Virginia criminal attorney with a satellite meeting office four blocks from the Arlington courthouse

Arlington County, Virginia criminal lawyer – Defending in the Arlington County Court

Arlington Virginia criminal lawyer/ DWI attorney pursuing your best defense

Jon Katz’s Virginia criminal defense/DWI law firm has its satellite meeting office four blocks from the Arlington County, Virginia, courthouse and one block from the Courthouse Metro station, with the firm’s main office across the street from the Fairfax County courthouse. Our satellite meeting office is at 2111 Wilson Blvd., Suite 700, Arlington, Virginia 22201. Driving directions to our Arlington satellite office are here.

Arlington is the northernmost county in Northern Virginia, and its courthouse has three Circuit Court judges, three General District Court judges, and two Juvenile and Domestic Relations District Court judges. The modest number of judges is reflective of the small geographic size and modest population of the county. At the same time, the courthouse is busy and handles a wide range of alleged crimes, particularly when considering the many non-residents who come to Arlington from nearby Virginia counties, the neighboring nation’s capital and Maryland, as well as National Airport located only a few miles from the courthouse.

Regardless of how politically liberal or progressive and racially color-blind the Arlington County population may be when compared to the rest of Virginia, the county’s prosecutor’s office is generally a law-and-order office that seems to work very harmoniously with the police, which harmony is common beyond Arlington as well. Many Arlington jurors or their close relatives and friends will have experience working with the federal or local governments, which reduces the likelihood that Arlington county jurors will have a high level of skepticism about prosecutors and police. An Arlington County jury that convicts a criminal defendant may be firm in its recommended sentence.

Arlington County prosecutors have a smaller caseload than in neighboring Fairfax County. For General District Court criminal cases, a prosecutor usually is assigned around two to three weeks before the first non-arraignment court date. Once a prosecutor is assigned, the criminal defense lawyer can seek discovery from the prosecutor. The criminal defense lawyer needs to decide whether to agree to the informality and prosecutor-provided agreement that comes with open file discovery, or to seek a formal discovery order from the Court. Absent an agreement otherwise, Arlington County prosecutors will not agree to providing copies of discovery, rather than permitting a discovery review at its office.

Criminal defendants and their lawyers need to be fully ready for trial on the first non-arraignment General District Court trial date, and should not expect that same day continuances will be granted on the trial date.

The Arlington County General District Court file will not include the criminal complaint (usually only filed in Arlington County for DWI cases) nor certificate of analysis for alcohol nor drug testing. The criminal complaint may be obtained by the lawyer of record, the criminal defendant, or a lawyer having a signed authorization from the defendant (with this being a suitable authorization form).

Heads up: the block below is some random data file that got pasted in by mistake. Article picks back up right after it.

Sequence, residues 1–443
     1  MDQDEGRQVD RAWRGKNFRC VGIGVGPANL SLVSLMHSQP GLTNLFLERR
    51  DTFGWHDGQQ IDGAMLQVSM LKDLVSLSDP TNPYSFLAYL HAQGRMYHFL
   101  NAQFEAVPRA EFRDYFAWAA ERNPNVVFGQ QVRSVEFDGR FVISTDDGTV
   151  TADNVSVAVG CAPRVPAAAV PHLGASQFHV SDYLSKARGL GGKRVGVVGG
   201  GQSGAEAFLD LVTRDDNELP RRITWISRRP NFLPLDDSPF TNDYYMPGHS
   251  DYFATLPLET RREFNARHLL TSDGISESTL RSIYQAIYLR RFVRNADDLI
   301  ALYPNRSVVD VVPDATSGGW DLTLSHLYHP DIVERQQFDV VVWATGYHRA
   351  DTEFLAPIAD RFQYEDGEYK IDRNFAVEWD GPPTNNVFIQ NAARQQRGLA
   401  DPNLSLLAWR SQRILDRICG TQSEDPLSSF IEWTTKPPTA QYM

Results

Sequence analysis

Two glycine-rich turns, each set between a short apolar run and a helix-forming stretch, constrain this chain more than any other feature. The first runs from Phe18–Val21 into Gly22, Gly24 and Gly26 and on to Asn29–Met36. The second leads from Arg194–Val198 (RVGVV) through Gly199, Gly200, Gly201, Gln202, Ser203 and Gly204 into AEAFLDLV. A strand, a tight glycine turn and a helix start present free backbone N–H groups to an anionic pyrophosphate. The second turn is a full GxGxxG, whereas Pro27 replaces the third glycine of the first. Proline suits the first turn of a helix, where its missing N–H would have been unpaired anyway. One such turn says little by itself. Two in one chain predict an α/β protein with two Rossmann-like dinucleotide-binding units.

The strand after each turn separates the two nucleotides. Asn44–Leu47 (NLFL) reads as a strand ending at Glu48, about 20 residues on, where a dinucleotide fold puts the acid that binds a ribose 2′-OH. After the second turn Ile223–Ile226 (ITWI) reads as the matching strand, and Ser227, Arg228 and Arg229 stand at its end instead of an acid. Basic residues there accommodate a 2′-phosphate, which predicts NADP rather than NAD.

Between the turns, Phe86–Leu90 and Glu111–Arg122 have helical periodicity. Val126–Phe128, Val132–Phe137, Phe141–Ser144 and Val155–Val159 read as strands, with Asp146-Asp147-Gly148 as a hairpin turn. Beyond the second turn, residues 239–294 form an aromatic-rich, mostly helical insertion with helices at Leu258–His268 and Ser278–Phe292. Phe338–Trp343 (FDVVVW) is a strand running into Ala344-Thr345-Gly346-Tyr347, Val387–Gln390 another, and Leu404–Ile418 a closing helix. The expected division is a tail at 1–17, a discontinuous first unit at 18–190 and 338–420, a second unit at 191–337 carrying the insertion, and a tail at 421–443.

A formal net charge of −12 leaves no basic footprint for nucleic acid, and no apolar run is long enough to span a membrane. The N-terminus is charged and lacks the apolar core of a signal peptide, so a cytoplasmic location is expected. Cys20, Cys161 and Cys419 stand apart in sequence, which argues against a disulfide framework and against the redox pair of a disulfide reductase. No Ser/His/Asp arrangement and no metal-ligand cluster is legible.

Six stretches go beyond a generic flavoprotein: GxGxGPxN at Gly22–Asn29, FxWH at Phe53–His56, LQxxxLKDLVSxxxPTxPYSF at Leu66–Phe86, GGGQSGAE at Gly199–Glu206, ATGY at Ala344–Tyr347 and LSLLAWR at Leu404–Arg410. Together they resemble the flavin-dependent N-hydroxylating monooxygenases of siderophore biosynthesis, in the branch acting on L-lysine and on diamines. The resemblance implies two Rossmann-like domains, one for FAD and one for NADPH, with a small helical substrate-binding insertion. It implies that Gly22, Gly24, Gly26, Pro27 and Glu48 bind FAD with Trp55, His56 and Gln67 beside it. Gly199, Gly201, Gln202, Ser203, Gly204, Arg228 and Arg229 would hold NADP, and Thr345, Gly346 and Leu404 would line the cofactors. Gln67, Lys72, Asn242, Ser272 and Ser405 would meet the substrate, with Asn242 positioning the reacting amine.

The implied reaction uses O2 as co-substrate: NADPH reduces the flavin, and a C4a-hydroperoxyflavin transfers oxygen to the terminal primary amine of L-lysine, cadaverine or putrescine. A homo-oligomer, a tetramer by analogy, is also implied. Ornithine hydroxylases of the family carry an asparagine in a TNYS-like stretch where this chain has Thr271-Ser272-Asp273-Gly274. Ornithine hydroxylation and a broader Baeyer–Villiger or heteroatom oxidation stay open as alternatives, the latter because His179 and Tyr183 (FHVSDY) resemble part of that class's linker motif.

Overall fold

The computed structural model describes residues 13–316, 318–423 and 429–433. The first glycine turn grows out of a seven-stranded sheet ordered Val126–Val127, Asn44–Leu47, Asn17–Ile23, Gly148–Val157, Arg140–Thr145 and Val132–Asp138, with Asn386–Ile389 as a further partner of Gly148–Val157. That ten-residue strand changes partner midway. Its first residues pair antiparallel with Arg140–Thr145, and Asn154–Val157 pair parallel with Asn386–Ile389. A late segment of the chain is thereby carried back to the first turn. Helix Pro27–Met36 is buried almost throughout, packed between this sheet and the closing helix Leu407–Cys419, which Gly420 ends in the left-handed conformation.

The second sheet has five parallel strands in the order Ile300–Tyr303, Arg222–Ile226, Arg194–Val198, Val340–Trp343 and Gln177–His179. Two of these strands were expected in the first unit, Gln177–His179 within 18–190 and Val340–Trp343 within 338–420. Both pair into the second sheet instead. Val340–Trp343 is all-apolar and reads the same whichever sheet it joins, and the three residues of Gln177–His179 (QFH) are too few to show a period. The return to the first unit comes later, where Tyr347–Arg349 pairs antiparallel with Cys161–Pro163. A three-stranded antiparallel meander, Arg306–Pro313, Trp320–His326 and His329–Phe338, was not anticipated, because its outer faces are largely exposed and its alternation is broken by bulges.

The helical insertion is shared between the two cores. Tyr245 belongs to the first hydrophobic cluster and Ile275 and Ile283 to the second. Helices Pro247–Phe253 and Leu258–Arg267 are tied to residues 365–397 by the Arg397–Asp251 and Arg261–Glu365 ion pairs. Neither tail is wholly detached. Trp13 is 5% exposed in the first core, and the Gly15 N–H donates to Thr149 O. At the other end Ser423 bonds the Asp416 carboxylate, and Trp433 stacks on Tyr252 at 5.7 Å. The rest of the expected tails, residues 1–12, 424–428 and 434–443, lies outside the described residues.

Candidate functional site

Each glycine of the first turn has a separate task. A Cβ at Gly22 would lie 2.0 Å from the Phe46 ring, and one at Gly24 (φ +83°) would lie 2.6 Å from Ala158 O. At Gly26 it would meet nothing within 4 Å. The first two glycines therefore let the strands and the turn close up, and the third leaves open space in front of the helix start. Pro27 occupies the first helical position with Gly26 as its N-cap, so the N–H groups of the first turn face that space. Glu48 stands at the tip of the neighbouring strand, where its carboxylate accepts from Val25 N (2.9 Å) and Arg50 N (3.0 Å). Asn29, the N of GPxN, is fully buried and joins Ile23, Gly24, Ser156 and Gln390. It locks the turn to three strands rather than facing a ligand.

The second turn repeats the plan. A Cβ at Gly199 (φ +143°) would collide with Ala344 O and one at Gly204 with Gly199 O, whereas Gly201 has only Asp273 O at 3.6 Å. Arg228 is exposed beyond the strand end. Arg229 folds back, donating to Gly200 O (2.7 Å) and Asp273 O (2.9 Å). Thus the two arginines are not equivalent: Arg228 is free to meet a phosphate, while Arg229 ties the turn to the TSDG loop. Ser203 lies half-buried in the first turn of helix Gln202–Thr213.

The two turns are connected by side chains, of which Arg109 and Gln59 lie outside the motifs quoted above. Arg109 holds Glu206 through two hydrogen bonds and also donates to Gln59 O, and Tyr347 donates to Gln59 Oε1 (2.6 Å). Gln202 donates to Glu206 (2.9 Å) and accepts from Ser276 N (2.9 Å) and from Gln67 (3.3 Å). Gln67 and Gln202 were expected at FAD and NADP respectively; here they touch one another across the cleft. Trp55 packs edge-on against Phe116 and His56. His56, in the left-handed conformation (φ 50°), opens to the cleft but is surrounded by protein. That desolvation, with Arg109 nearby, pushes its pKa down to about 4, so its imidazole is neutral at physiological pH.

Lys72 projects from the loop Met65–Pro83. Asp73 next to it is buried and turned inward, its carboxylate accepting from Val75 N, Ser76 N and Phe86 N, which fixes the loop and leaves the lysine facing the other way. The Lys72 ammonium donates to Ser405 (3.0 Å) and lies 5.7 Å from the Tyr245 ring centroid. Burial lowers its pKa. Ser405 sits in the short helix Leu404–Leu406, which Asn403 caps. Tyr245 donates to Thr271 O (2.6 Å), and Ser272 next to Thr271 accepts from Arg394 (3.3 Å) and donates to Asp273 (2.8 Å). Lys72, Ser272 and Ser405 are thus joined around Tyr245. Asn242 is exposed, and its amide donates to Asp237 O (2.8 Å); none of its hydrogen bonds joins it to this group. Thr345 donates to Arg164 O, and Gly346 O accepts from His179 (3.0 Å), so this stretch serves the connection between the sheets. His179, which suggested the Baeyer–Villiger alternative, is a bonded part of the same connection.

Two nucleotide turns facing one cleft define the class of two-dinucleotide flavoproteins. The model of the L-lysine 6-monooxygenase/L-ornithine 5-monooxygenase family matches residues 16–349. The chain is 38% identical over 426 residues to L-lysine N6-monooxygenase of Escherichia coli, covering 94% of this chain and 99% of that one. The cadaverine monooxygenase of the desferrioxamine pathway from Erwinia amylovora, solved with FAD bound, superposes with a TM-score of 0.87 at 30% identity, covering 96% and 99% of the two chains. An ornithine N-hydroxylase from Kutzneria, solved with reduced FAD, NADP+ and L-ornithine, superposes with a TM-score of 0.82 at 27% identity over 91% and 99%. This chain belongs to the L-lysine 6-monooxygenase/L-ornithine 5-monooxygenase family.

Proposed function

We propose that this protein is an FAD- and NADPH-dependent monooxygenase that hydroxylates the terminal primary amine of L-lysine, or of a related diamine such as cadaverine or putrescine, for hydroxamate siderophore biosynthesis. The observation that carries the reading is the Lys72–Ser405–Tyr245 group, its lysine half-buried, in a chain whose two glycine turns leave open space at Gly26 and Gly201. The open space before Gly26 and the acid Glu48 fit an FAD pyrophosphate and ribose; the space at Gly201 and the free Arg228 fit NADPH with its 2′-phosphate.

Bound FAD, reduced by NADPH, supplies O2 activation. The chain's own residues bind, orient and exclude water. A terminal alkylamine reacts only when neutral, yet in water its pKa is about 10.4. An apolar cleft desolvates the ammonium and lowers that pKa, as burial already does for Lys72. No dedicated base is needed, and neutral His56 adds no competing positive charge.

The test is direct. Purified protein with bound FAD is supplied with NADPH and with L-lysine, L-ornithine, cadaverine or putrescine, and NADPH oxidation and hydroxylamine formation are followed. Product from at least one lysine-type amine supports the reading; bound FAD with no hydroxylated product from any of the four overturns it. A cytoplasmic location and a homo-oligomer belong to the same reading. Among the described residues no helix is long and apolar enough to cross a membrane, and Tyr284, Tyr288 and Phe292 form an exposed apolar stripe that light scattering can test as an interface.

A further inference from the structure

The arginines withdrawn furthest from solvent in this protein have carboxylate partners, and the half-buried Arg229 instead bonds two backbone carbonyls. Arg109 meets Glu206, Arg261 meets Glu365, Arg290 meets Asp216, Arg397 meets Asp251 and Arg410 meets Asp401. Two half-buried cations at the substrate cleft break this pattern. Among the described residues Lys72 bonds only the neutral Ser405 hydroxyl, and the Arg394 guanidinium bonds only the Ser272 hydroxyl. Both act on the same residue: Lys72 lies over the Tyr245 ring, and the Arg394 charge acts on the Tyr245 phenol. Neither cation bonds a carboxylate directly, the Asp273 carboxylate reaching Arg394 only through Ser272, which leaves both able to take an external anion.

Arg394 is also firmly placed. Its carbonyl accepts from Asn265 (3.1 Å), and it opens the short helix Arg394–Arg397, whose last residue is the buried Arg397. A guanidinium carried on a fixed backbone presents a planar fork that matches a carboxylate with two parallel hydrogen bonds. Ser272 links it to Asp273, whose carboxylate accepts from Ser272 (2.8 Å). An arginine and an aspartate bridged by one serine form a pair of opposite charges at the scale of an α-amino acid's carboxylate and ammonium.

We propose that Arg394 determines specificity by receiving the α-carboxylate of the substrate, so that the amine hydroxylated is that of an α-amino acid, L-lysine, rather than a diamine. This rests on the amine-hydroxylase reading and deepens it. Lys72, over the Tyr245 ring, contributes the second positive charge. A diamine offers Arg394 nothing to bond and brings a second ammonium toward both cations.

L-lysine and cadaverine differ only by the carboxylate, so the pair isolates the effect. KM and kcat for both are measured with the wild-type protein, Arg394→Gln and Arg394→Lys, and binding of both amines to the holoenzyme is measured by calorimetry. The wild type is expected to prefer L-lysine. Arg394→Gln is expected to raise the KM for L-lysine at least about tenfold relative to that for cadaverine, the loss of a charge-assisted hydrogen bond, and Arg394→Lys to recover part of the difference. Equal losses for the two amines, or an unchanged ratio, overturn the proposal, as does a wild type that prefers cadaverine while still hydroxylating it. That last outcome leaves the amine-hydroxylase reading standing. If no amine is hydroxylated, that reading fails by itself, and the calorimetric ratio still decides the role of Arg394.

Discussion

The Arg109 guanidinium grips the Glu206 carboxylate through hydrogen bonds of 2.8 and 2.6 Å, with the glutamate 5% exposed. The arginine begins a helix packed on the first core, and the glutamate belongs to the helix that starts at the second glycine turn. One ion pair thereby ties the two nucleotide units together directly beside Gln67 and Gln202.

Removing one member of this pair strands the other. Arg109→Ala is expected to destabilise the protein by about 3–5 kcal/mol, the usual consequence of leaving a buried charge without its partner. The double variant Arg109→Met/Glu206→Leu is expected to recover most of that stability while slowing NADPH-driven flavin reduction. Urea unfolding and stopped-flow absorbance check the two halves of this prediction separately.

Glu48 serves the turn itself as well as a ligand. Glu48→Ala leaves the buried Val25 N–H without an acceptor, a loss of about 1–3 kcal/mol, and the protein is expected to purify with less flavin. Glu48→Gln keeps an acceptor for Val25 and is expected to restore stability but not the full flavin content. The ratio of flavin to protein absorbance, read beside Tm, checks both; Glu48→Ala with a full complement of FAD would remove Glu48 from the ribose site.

Here are the Arlington County Circuit Court Local Rules and Preferred Practices. Note that even where a jury trial is waived by the parties, the Local Rules call for scheduling motions hearings in advance of the trial date.

Circuit Court filings ideally will be filed electronically. The federal PACER online filing and docketing system is superior to the Arlington County online filing system, but the Arlington County online filing system is better than having no online filing system at all.

Non-lawyer visitors to the Arlington County courthouse are barred from bringing cellphones and other computerized devices into the courthouse. Each Virginia courthouse has its own rules about limiting access to cellphones. Courthouse visitors may leave their cellphones in the lockers (requiring payment of a quarter) on the first floor of the jail that faces the courthouse entrance, or to leave their phones in their cars. Lawyers are permitted to have their cellphones and other computer devices exposed in the General District Courtrooms but generally not in the Circuit Courtrooms. Cellphone ringtones and vibrators should be turned off while in the courtroom.

Courthouse visitors have the option of coming to court by the Courthouse Metro station two blocks away, by car, or by bus. Driving directions are available here. The courthouse parking lot is on North Courthouse Road across from the courthouse, and fills up quickly and early; the meters there (where the receipt is placed on one’s dashboard) only go to four hours, so need to be replenished timely. Numerous parking garages are available within blocks of the courthouse. Many metered parking options exists for a several block radius of the courthouse running from one to four hours. Among the parking alternatives to the courthouse parking lot is to turn north from North Courthouse Road onto 13th Street (bounded to the west by the Hilton Garden Inn) and to park on that street or on one of the side streets to the right.

Visitors to our satellite meeting office at 2111 Wilson Blvd., Suite 700, Arlington, Virginia have the option of parking underneath the building, on Veitch Street (which bounds the south side of our office and intersects with Wilson Blvd.) or on numerous other nearby side streets. Our Arlington meeting office is part of a three-building complex, with our building being at the northwest corner of Wilson Blvd. and Veitch Street, with a Corner Bakery restaurant on the first floor as a landmark. Please call our main office (703-383-1100) for making appointments at our Arlington meeting office.